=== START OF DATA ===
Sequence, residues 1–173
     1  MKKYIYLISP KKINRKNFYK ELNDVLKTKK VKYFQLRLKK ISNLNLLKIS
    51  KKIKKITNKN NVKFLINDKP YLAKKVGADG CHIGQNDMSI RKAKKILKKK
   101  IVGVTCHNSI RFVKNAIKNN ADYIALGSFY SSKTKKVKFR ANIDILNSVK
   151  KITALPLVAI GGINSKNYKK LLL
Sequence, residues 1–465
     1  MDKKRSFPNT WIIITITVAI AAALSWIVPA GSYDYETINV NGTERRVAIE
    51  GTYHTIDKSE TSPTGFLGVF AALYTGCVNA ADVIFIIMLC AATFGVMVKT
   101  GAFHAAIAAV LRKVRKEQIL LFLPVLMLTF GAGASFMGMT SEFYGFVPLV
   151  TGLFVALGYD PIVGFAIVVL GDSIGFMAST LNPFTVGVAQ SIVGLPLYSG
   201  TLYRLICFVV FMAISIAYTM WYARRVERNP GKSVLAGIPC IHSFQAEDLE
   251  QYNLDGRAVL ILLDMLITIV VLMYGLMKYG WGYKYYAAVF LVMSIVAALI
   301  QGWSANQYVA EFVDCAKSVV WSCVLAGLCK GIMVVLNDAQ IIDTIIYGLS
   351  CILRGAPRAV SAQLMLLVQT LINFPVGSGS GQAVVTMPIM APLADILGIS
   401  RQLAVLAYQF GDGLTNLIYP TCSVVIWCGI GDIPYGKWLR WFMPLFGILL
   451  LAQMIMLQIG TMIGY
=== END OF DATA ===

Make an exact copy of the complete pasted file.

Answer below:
Sequence, residues 1–173
     1  MKKYIYLISP KKINRKNFYK ELNDVLKTKK VKYFQLRLKK ISNLNLLKIS
    51  KKIKKITNKN NVKFLINDKP YLAKKVGADG CHIGQNDMSI RKAKKILKKK
   101  IVGVTCHNSI RFVKNAIKNN ADYIALGSFY SSKTKKVKFR ANIDILNSVK
   151  KITALPLVAI GGINSKNYKK LLL
Sequence, residues 1–465
     1  MDKKRSFPNT WIIITITVAI AAALSWIVPA GSYDYETINV NGTERRVAIE
    51  GTYHTIDKSE TSPTGFLGVF AALYTGCVNA ADVIFIIMLC AATFGVMVKT
   101  GAFHAAIAAV LRKVRKEQIL LFLPVLMLTF GAGASFMGMT SEFYGFVPLV
   151  TGLFVALGYD PIVGFAIVVL GDSIGFMAST LNPFTVGVAQ SIVGLPLYSG
   201  TLYRLICFVV FMAISIAYTM WYARRVERNP GKSVLAGIPC IHSFQAEDLE
   251  QYNLDGRAVL ILLDMLITIV VLMYGLMKYG WGYKYYAAVF LVMSIVAALI
   301  QGWSANQYVA EFVDCAKSVV WSCVLAGLCK GIMVVLNDAQ IIDTIIYGLS
   351  CILRGAPRAV SAQLMLLVQT LINFPVGSGS GQAVVTMPIM APLADILGIS
   401  RQLAVLAYQF GDGLTNLIYP TCSVVIWCGI GDIPYGKWLR WFMPLFGILL
   451  LAQMIMLQIG TMIGY